5. Barbara Ehrenreich's 2001 book Nickel and Dimed: On (Not) Getting By in America is about her cross-country odyssey as a voluntary member of the working poor. Ehrenreich believes that even as poverty rates - and income inequality - climb, it's only getting harder to be poor. Tacoma Mayor Marilyn Strickland has selected Ehrenreich's groundbreaking study of our nation's working poor for the 2014 Tacoma Reads community reading program.Throughout the month of October, the Tacoma Public Library has been hosting book discussions in various forms, covering topics such as income inequality, the death of the American Dream, the destruction of the middle class and certainly the battle to raise the minimum wage. What is the impact of raising the minimum wage on workers and businesses? Will it substantively address rising inequality and the broad decline of the middle class or, as some assert, result in more youth unemployment, higher prices and increased automation? Discuss it at 7 p.m. at the Tacoma Public Library Main Branch in downtown Tacoma.

LINK: Wednesday, Oct. 29 arts and entertainment events in the greater Tacoma and Olympia area

October 28, 2014 at 5:28pm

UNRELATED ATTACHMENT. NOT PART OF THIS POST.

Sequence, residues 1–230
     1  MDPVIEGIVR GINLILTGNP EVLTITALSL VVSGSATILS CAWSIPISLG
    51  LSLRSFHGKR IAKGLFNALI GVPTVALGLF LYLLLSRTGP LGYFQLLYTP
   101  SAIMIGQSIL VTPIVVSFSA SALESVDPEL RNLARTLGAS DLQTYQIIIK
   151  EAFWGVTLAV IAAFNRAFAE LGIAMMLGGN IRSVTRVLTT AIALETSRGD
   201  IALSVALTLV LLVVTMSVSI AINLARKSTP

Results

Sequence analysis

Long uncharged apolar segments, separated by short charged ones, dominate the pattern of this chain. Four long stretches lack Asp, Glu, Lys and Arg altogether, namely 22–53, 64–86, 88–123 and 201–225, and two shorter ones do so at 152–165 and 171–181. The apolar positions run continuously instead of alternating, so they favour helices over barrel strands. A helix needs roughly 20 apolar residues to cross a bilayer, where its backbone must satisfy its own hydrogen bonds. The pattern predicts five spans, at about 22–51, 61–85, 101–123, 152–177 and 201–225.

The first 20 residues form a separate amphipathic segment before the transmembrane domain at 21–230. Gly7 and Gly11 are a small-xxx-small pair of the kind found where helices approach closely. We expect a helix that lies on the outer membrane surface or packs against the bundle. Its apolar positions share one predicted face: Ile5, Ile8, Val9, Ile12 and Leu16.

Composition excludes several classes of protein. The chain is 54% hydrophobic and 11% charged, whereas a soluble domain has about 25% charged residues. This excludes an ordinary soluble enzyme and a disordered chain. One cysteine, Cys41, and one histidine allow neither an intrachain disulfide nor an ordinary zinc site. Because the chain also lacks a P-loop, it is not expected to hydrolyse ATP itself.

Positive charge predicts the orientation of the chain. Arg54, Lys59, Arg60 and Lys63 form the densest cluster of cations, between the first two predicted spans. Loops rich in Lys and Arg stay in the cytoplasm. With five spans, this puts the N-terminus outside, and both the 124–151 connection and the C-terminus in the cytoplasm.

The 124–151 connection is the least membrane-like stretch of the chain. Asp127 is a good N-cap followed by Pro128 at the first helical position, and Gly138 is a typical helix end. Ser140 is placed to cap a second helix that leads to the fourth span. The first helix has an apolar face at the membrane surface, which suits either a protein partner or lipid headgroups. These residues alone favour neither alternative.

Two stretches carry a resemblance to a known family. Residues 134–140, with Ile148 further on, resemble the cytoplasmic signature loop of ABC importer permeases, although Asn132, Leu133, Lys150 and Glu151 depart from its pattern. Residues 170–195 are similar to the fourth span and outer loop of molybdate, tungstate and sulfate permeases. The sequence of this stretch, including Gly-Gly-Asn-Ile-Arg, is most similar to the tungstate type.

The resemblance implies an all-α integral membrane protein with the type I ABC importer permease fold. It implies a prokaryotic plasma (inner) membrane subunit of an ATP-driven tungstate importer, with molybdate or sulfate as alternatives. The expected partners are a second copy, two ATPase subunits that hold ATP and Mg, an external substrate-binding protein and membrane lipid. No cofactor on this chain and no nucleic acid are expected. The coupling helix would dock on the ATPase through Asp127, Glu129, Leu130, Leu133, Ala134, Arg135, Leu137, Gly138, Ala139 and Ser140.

Nerd Alert! Black Panther movie, female Captain Marvel, LucasArts computer games re-release, With a Little Help From My Fwends ...

Did everyone feel that just now? It was the Earth’s mantle cracking from the impact of a cultural carpet-bombing by Marvel. Photo courtesy of Youtube

Marvel and LucasArts

This week was pretty big with the only kind of nerd news that seems to really exist anymore: Marvel and Star Wars shit. In order to ensure that the moviegoing public of the future will be utterly lost at the absence of a superhero on their cinema screens, Marvel announced their next five years of endless comic-book movies. In addition to sequels to properties like Captain America, Guardians of the Galaxy, Thor, and The Avengers, Marvel's biggest announcements were the arrival of a Black Panther movie, as well as a female Captain Marvel.